Wanderlust with Cynthia Rosenfeld

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Trisara

Inevitably, when people hear about my work reviewing luxury hotels, I'm kindly accused of having 'the world's best job'. My knee jerk reply is 'beware of jobs that sound too good' – but, when I reflect, I'm able to admit that this life does confer plenty of highlights.

One of the most memorable was also one of my first, when I was sent from New York City in winter to Thailand to interview the general manager of Trisara (trisara.com), Phuket's swankiest resort. Since that first hotel assignment around 10 years ago, I have managed to come up with at least one plausible story idea each year that requires me to check in again at Trisara, be it the launch of their six-handed massage, delectable new seaside Mediterranean seafood grill or lavish private residences. Each time, I'm awed by the blue Andaman view from every vantage point in my sprawling pool villa, by the lush tropical foliage tended to by three dozen gardeners and by the Swiss precision of the Thai staff, at least one of whom always remembers to leave turndown chocolate truffles for two, even when I check in alone.

Often I'm asked for indulgent weekend escapes within a few hours of Hong Kong. Eyes pop open wide when I reply that one of my all-time favourite retreats lies just 45 minutes by car from Taipei's international airport, Taiwan. Oenophiles will appreciate rare sips in the world class wine cellar at Villa 32 (villa32.com), the personal playground of a Taipei tai-pan turned ultra-plush five-suite hot springs retreat on the camphor and maple leaf slopes of Yangming Mountain. Seven years after my first visit, I still can't decide its most indulgent detail: the Hermes horse bit utensils in the gourmet restaurant, the mineral rich curative waters infused with jade green and white sulphur or massages in the spa where all therapists train in qi gong to develop uniquely precise chops.

Occasionally editors send me to investigate new properties beyond Asia, even as far as the Mexico's Yucatan Peninsula, known for its powdery sand beaches and breathtaking Mayan ruins. I never saw those. Instead, I spent every waking moment – and many a siesta – within the 250-acre grounds of Hacienda Petac (haciendapetac.com), a five-bedroom villa magnificently converted from a 17th century sisal plantation. A driver was on call, had I felt compelled to explore the ancient pyramids at Uxmal and Chichen Itza. I did send him out once, to round up some of the region's renowned hammocks, while I stayed happily ensconced on one by the tree-shaded swimming pool. I can still hear the sunset serenades and taste the fresh fruit margaritas that signalled the impending arrival of homemade tamales.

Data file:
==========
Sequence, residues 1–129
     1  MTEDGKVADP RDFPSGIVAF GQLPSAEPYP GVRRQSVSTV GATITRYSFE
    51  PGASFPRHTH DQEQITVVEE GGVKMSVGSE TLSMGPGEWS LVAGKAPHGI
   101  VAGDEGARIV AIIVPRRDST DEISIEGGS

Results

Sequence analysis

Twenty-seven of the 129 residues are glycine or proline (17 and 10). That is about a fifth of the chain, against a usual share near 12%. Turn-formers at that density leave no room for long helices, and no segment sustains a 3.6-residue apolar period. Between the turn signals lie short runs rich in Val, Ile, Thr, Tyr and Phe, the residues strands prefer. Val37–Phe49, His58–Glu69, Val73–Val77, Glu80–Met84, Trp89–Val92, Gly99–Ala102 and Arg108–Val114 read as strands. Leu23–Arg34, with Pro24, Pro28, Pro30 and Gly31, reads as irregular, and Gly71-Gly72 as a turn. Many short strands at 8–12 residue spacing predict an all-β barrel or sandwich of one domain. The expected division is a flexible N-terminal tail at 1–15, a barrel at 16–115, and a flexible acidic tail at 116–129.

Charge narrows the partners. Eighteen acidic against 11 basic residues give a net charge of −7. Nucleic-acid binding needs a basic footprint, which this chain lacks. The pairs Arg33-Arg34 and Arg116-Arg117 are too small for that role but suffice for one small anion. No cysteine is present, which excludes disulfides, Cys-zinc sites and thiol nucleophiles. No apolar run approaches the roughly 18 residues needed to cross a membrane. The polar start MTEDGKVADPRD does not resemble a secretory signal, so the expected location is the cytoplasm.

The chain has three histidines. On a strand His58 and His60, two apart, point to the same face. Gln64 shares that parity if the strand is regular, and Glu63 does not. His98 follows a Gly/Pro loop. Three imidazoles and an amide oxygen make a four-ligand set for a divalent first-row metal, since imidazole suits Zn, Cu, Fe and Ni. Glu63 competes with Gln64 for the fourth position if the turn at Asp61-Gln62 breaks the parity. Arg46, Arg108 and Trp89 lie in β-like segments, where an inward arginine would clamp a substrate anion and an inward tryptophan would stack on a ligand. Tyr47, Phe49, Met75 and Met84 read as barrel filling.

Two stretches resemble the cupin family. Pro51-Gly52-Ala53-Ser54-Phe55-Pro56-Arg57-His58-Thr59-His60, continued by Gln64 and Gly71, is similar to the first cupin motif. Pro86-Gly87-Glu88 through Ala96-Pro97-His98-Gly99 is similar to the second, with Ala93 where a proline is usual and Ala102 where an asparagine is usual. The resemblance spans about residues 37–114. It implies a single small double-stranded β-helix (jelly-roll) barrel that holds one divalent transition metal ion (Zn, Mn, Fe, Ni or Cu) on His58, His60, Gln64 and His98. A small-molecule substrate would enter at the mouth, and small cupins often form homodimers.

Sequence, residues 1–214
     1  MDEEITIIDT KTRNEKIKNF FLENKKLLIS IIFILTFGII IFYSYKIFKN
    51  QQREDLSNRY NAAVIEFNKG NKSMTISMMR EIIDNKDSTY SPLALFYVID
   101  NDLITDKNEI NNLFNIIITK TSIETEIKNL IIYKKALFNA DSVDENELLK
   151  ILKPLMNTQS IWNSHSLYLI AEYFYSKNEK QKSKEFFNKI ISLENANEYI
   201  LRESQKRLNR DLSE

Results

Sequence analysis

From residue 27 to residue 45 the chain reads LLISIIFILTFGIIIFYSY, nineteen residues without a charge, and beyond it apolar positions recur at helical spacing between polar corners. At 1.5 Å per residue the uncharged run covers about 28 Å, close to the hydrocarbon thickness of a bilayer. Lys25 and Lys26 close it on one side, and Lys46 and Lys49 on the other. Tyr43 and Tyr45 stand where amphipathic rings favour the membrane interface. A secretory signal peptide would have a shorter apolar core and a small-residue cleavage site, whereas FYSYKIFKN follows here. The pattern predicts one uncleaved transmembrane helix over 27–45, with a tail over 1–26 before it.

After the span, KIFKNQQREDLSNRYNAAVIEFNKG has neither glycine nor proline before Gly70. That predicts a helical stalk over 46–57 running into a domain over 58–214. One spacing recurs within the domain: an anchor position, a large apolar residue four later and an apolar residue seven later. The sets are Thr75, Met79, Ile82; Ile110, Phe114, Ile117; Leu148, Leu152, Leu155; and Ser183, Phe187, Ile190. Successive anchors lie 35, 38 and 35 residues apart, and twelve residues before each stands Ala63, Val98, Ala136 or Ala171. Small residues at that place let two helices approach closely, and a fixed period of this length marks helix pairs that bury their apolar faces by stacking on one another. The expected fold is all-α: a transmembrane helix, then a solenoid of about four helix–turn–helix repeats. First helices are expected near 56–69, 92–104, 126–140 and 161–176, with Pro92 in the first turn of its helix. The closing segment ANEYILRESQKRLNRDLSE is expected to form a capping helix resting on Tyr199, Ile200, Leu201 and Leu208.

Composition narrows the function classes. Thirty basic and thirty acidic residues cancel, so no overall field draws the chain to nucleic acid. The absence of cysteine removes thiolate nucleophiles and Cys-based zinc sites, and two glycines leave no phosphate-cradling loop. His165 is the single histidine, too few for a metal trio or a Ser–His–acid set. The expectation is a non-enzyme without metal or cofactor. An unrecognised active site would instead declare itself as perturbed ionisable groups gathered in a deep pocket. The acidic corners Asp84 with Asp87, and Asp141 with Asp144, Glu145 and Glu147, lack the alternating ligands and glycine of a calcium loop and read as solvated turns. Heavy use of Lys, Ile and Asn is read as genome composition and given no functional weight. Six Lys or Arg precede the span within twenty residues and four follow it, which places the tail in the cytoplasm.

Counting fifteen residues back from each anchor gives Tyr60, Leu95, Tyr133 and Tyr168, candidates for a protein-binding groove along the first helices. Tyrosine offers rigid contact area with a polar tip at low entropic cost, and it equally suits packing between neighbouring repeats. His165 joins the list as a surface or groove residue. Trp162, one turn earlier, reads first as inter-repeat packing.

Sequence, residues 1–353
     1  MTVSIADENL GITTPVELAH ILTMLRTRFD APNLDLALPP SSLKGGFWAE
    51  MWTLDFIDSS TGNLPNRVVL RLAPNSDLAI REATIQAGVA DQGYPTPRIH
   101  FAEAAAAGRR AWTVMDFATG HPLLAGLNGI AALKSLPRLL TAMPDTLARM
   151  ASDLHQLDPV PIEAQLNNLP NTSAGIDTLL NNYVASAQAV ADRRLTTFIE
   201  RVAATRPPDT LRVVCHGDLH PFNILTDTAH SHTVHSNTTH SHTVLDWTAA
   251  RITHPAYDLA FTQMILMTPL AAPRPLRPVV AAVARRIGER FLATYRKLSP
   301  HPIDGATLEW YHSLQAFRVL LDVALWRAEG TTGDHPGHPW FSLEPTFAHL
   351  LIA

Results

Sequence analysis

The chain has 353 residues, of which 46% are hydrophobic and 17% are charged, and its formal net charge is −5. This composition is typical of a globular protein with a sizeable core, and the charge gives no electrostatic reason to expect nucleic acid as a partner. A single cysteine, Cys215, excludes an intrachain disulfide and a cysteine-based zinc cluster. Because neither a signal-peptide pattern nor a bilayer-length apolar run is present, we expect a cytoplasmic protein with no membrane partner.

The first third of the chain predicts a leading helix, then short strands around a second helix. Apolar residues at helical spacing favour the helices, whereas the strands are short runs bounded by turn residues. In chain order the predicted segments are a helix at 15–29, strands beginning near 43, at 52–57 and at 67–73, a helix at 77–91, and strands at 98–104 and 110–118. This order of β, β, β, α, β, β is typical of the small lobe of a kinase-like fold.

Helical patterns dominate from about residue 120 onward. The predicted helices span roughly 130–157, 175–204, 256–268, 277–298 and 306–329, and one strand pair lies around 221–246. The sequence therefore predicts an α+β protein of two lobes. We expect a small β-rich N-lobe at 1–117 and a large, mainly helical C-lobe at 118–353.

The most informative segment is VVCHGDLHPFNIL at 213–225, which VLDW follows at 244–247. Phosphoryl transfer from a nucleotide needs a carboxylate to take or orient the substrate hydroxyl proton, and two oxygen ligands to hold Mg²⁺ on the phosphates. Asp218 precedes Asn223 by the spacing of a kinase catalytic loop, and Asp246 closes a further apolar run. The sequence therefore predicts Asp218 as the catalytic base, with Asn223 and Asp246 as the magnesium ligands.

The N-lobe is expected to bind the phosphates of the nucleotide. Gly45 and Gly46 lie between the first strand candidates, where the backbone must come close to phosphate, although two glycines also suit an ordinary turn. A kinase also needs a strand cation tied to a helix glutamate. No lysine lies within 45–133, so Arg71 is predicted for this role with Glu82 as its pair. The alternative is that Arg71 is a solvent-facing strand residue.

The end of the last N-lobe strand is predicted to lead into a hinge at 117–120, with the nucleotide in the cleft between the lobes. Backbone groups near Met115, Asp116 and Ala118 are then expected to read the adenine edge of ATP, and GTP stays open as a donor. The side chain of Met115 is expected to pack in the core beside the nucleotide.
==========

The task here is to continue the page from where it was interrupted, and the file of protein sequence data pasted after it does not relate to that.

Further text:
Only once have I reviewed a hotel so exceptional that, while I loved it, I could not bear to stay there alone, an unfortunate occupational hazard. Elephant ear palm fronds and tropical flowers heighten the seclusion in each of the 30 villas at Maia Seychelles (maia.com.sc), where day beds, the infinity pool and outdoor bathtub have been strategically angled towards the Indian Ocean. Without a second champagne glass to toast against my own, I raised my bubbly filled flute over the azure waters that sparkled against a stunning cotton candy hued sunset, grateful for this life but aware of the trade-offs.

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